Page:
Don’t forget your future when working on your business

Retirement for many people will always feel like it’s a long way off – until suddenly it’s not! Right now you could be a successful business owner with young children, thinking that with another 10 years of school fees, retirement is at least that far away. You are likely contributing to your superannuation during this time but you could also have a nagging feeling that it needs closer attention. Although you could have many more years of working before you need to consider retirement, planning for it as early as possible will help prevent the feeling of standing on a cliff face when it does arrive.


Planning for retirement requires considering many questions, with some key ones being:

  • What does retirement mean to me? Never working again, working part time or simply doing some paid work here and there when it suits? Or even volunteering?
  • Does it involve a lot of travel?
  • Do I have the right people involved in my business so I can phase down my involvement easily?
  • Do I want to exit quickly or gradually from my business or position?
  • Can I retire before the kids finish school or university?
  • How much will it cost me to live comfortably each year?
  • Can I be debt free by then?
  • Will I have enough superannuation?

The answers to these questions require reflection and discussion with family and other trusted advisors. Whether they are set in stone or simply pencilled in for ongoing review will also be a matter of personal preference.

For a business owner, it pays to start the planning process earlier so you can align your strategy with your desired exit. Whether that is a management buyout, a sale to a third party, passing on the business to family or simply walking away. Regardless of which path you choose or have in mind, you will need to know what your business is worth, which is a question many owners don’t answer, sometimes until it is too late.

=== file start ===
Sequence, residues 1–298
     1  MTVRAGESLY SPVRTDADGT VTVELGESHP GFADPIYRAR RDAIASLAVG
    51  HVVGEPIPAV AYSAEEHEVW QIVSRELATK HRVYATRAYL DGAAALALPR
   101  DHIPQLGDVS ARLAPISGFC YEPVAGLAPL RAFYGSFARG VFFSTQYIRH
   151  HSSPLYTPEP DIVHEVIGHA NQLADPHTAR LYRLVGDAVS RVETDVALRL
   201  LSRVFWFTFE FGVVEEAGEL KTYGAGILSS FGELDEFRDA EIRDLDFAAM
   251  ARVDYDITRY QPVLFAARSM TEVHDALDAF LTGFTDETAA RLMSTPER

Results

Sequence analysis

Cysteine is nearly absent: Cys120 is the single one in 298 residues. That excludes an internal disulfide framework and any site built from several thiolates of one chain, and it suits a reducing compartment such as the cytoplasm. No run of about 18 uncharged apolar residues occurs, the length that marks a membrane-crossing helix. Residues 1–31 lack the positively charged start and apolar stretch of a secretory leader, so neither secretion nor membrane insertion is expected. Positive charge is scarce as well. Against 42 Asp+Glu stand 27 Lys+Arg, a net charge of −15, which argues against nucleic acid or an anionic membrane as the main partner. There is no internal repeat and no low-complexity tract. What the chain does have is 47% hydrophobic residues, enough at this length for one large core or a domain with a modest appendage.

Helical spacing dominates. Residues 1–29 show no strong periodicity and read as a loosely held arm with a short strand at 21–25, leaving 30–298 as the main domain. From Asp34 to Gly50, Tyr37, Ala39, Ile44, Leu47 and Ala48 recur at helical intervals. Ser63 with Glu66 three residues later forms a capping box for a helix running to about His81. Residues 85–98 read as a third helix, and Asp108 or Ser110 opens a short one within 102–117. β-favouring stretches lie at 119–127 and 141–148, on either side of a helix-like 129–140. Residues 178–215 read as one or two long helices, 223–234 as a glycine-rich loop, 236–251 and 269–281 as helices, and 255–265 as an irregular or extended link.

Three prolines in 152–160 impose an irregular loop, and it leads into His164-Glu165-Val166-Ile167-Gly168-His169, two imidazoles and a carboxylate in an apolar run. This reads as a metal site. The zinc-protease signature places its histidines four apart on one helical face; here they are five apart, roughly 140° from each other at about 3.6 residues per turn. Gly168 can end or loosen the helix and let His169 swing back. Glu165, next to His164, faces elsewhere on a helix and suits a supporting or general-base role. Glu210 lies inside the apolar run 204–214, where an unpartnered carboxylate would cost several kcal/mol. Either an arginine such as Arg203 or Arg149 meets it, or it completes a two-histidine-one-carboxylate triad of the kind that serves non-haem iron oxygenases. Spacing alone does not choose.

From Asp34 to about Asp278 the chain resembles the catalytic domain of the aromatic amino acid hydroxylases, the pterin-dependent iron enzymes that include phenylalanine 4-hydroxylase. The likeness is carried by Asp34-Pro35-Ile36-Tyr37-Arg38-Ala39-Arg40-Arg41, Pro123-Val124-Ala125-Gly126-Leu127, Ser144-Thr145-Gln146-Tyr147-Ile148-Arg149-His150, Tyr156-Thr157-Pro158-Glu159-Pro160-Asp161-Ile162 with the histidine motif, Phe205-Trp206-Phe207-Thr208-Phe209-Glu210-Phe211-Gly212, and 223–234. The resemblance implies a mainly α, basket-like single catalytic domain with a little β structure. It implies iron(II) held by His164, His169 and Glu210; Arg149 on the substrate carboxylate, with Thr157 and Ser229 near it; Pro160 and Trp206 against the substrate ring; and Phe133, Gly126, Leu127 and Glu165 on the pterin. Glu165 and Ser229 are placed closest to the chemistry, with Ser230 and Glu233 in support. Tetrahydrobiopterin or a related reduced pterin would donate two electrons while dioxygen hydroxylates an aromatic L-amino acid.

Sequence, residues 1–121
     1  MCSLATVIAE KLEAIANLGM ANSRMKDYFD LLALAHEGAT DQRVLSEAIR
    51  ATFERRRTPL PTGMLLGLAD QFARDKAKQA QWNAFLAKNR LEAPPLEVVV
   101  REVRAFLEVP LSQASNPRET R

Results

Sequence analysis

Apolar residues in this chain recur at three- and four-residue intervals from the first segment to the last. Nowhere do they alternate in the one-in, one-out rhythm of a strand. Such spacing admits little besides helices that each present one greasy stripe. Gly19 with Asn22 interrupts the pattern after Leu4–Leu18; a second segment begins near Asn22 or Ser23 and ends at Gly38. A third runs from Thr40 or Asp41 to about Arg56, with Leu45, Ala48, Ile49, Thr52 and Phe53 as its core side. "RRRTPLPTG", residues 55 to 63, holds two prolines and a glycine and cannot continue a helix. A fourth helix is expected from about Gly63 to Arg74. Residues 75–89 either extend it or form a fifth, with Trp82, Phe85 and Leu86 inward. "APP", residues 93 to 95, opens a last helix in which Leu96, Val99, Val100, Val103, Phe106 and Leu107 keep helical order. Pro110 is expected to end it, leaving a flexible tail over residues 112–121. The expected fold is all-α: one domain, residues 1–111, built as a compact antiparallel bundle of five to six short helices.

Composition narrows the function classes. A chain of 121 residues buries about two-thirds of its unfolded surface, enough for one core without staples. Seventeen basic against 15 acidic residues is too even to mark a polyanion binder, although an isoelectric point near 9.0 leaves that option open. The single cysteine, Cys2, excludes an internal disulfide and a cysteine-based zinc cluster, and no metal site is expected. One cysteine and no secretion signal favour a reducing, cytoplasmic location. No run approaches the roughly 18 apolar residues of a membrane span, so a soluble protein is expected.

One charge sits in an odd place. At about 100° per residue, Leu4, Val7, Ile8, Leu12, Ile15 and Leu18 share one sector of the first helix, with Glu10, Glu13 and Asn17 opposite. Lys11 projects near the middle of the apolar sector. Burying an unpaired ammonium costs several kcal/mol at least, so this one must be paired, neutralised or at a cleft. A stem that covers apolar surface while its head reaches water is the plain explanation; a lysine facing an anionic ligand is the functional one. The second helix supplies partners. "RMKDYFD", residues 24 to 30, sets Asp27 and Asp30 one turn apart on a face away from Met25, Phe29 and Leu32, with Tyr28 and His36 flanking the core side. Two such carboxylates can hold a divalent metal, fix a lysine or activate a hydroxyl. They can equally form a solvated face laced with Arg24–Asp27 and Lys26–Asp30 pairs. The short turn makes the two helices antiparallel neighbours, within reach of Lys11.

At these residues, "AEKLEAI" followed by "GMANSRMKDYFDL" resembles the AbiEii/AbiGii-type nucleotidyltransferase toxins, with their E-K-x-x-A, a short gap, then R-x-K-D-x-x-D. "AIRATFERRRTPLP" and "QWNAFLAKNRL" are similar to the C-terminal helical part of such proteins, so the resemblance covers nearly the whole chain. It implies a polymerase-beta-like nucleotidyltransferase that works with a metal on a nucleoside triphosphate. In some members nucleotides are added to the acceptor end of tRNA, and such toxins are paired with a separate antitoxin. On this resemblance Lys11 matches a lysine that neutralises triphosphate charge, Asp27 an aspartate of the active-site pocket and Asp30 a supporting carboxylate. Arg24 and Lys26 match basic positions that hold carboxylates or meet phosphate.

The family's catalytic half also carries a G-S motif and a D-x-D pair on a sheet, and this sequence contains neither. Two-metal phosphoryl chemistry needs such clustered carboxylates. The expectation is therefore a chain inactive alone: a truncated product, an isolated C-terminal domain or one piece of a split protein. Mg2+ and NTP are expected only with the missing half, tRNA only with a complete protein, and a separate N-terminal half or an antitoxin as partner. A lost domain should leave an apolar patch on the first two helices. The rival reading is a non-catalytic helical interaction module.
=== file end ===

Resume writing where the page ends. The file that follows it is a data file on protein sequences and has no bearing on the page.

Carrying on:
Superannuation is clearly a key part of retirement planning. It also remains very topical due to constant law changes over the last few years and the ongoing Hayne Royal Commission into banking, financial services and superannuation.

Some of the key considerations here include:

  • Should I maximise my concessional contributions each year or are there more pressing financial priorities?
  • Do I have the time or inclination to manage it myself using a Self-Managed Superannuation Fund (SMSF)?
  • If I’m not ready or interested in an SMSF, do I have the right retail or industry fund? Do I have the right risk profile and investment strategy in place with that fund?
  • Do I need to consolidate more than one superannuation account?
  • If interested in SMSF, do I know enough about the requirements and obligations of running one?
  • If I have my own business and require property, is it a suitable retirement strategy to look at purchasing property in an SMSF?

Superannuation is something that will need to be monitored more regularly than retirement plans. It is an area that is highly regulated, where a poor decision or mistake can be very costly to deal with and unwind (if it can be unwound at all). Therefore, it is recommended that appropriate professional advice is sought before implementing any superannuation strategies or plans.

Interested in speaking with an advisor in more detail about your personal future? Contact your local office and see how Accru can help you plan your future. 

About the Author
Daniel Arnephy , Accru Melbourne
Daniel joined Accru Melbourne in 2004 as a graduate in the Business Advisory Services division. Since then studies continued through Chartered Accounting and Masters in Taxation courses to build technical skills and supplement building client relationships. Daniel became a Director in 2015.
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